Consider revenue and cost offset opportunities
While determining a smart security roadmap, identify opportunities for revenue and economic growth from specific technologies and security measures. Evaluate and capture areas where efficiencies created by the improvements can translate into cost savings.
Identify key community stakeholders and partners
With a clear vision and sound business case for improvement, consider other community stakeholders and businesses that will benefit and be impacted by the project. Open communication lines concerning any smart security initiatives to create awareness and attract investment.
Public safety is vital to a community’s well-being and economic development. Improvements to public safety are only realized when city and county governments embrace the technologies and infrastructure that allow intelligence to be gathered, analyzed, understood and used in real time.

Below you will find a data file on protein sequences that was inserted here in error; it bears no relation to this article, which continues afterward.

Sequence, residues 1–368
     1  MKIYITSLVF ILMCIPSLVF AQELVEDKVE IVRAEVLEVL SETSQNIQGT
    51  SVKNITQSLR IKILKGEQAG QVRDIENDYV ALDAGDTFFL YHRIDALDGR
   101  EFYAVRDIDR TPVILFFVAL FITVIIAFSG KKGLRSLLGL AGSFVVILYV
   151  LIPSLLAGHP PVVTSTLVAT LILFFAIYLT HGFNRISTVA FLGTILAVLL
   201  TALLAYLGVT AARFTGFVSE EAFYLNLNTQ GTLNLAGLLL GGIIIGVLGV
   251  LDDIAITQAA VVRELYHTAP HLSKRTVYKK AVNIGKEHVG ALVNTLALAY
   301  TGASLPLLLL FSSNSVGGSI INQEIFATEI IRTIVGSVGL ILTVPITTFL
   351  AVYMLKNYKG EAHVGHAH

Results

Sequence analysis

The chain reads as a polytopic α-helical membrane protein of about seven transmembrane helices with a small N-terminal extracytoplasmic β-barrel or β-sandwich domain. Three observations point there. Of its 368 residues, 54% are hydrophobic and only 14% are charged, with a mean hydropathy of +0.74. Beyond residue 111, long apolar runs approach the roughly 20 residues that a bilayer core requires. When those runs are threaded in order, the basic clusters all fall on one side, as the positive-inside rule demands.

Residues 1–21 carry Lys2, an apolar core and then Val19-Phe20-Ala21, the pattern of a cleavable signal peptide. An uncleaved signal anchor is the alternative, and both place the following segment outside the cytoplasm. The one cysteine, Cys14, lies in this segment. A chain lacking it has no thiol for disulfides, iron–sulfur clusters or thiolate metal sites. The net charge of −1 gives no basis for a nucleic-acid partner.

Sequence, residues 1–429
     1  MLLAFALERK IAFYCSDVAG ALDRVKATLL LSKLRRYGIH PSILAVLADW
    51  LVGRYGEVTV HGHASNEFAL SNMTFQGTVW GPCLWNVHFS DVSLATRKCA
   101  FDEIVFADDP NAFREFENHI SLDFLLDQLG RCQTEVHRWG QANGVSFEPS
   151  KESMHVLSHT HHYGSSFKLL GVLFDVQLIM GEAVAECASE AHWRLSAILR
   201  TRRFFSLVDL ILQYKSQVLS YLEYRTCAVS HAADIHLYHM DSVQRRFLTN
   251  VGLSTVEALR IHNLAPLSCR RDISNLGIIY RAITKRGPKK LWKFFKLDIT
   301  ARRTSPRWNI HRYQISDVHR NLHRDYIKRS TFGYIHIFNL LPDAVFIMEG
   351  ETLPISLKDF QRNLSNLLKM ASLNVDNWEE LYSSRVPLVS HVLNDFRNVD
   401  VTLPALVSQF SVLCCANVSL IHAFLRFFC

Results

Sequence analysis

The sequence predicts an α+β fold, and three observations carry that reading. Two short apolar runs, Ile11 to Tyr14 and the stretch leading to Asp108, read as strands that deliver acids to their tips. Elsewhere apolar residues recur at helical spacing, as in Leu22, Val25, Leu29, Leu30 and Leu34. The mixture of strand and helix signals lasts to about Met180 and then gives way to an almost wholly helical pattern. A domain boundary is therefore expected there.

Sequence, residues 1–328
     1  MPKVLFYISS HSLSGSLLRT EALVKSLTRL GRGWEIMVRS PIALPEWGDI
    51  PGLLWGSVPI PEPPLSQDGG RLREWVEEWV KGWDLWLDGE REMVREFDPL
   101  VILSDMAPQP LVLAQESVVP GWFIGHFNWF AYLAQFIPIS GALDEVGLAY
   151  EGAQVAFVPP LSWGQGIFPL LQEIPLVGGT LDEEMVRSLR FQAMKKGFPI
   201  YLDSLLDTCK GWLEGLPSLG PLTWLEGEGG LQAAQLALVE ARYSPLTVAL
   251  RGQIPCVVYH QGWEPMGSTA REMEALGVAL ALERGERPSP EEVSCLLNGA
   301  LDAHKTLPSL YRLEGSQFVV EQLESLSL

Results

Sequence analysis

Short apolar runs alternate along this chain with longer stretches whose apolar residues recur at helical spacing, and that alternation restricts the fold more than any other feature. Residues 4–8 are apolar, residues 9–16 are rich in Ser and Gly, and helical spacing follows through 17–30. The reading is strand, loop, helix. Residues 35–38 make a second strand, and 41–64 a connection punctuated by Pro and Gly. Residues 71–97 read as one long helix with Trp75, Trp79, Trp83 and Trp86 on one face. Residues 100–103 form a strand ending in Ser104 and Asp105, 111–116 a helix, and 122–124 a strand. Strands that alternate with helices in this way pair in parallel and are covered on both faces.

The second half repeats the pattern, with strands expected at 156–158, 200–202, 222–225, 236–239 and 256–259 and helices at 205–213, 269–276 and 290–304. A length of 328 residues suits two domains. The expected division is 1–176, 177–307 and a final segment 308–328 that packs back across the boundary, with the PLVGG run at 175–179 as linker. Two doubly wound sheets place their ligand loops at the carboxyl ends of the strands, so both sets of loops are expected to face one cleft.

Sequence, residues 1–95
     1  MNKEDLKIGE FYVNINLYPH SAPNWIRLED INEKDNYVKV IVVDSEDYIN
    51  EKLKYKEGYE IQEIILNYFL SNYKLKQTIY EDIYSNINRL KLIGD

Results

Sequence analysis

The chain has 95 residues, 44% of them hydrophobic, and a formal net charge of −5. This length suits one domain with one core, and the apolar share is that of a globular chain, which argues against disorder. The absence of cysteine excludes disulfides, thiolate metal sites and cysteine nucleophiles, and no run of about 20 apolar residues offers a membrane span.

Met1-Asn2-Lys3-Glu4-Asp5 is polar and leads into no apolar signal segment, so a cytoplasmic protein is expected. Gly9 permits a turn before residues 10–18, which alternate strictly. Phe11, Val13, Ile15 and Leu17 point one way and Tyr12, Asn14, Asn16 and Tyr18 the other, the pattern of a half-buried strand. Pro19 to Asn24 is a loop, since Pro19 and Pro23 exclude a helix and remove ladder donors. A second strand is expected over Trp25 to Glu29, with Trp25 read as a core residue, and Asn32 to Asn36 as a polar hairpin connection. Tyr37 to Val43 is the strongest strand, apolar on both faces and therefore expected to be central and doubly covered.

By evaluating the needs of residents, defining smart city goals, and understanding current and available technologies, smart cities can create an environment that will result in healthier, growing neighborhoods with an increasingly positive quality of life.
City assets that absorb significant resources
- Courthouses and libraries
- Government buildings and offices
- Parking garages
- Parks, open spaces, bike and running trails
- Public transportation, roads and bridges
- Recreation centers, swimming pools and playing fields
- Schools and universities